It is said, “if you cannot lie convincingly then you can not become a politician”. Academically, a lie is only a lie when it is proved to be a falsehood. The complaint that Labor lied, before the election, over the Medicare issue still hasn’t been proved such that it was a lie. Before an election, no one could know a Prime Minister’s true post election intentions. Shakespeare’s quotation suggests that people who protest denial too strongly are hiding a truth. Our Prime Minister fitted that description to many people, before the election.
There have been many similar situations in the past where the statement before an election turns out to be a downright lie after the election. Then there is the question of misleading the voting public (lying), which the Australian Electoral Commission was guilty of as it resolutely and definitively stated that six boxes above the line had to be numbered serially one to six, otherwise, the vote would be informal. Several reputable sources, and the media dispelled this claim consistently, such that if only one box was numbered, the vote would still be formal.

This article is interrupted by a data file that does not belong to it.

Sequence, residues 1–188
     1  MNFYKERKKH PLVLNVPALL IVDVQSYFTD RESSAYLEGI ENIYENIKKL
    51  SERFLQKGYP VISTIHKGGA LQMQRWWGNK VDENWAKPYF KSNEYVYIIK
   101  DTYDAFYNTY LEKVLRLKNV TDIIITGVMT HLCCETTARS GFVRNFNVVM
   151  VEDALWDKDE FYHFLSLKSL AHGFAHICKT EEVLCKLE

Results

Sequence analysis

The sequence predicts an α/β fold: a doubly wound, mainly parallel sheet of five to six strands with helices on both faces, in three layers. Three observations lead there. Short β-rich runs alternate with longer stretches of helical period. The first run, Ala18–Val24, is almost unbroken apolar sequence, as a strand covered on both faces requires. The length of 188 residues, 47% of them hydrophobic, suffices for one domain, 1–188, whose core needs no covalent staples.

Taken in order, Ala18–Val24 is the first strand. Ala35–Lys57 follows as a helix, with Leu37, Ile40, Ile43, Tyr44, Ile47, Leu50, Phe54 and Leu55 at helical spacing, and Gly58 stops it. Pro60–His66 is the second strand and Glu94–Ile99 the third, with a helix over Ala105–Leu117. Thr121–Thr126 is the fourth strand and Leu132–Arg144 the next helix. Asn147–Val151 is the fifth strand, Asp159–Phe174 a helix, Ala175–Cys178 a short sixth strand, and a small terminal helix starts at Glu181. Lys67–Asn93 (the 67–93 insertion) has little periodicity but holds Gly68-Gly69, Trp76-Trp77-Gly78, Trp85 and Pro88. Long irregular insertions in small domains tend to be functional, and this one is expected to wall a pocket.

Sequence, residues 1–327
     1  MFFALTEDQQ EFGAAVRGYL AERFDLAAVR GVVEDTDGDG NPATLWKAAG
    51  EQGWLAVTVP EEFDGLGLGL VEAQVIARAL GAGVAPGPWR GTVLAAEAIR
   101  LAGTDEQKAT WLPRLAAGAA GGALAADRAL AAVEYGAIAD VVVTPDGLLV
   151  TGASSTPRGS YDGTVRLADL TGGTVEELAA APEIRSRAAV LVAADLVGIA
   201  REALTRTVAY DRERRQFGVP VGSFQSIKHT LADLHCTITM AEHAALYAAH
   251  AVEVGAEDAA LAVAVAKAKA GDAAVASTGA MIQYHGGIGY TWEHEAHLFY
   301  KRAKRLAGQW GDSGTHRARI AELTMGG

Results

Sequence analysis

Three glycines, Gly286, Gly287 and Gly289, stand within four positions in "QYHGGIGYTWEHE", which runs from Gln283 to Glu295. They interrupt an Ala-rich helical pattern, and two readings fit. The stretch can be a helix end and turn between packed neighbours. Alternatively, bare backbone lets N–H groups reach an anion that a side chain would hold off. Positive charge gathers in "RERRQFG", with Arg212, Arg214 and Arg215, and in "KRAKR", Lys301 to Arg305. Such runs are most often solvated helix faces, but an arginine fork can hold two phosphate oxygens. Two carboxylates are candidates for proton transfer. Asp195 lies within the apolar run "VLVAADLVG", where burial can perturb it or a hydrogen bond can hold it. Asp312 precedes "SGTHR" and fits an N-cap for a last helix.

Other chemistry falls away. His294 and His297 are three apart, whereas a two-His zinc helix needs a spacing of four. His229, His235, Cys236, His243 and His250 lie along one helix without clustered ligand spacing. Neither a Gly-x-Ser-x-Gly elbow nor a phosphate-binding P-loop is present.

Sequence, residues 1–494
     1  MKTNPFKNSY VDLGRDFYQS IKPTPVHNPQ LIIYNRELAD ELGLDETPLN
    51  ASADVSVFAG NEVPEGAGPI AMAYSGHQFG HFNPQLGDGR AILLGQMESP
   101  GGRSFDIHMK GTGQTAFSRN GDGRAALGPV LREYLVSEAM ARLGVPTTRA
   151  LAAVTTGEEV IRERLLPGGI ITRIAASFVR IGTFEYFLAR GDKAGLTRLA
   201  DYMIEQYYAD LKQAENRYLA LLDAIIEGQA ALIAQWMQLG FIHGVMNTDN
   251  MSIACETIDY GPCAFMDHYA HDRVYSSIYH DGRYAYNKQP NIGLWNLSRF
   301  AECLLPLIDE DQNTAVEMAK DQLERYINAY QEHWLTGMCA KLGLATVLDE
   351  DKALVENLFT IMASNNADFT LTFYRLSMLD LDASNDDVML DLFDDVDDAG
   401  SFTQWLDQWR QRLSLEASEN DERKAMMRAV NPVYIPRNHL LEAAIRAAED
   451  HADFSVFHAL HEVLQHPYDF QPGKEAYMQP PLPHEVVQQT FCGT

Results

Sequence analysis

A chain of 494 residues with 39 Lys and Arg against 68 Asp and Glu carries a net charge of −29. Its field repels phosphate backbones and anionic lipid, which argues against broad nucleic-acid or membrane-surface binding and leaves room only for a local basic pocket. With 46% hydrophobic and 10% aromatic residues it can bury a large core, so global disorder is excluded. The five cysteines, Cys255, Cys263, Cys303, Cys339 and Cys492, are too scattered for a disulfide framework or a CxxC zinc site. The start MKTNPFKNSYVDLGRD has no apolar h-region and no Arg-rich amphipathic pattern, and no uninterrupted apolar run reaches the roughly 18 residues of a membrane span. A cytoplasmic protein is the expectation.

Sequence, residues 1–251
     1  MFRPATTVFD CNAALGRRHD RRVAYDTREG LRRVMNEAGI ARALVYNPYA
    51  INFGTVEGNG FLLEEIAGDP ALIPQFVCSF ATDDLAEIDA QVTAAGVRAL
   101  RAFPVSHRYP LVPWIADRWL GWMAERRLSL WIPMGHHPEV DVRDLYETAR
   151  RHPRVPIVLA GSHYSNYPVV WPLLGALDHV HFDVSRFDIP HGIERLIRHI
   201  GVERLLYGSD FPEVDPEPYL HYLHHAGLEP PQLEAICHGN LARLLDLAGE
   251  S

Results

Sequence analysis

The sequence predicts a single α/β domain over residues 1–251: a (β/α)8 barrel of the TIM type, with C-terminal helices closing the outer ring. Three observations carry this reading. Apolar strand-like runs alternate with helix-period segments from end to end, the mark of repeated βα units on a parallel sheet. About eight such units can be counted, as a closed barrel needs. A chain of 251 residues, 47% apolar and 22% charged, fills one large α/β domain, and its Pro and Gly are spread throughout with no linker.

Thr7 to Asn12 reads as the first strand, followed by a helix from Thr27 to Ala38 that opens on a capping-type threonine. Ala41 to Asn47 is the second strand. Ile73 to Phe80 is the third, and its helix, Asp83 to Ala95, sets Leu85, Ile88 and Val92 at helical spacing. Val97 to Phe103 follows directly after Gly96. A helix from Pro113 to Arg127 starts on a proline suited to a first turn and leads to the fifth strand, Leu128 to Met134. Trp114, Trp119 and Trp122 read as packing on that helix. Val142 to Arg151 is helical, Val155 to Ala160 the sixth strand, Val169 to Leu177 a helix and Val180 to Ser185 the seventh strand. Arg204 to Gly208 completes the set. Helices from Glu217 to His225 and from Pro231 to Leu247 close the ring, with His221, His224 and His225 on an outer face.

At the Polling Booth the clerk continued the spiel that six boxes must be numbered above the line on the Senate paper. In normal life, for we poor mortals, false claims (lying), in business and advertising, can be tested in a court of law. Is it any wonder that we lose faith in politics and the law?
With kind regards,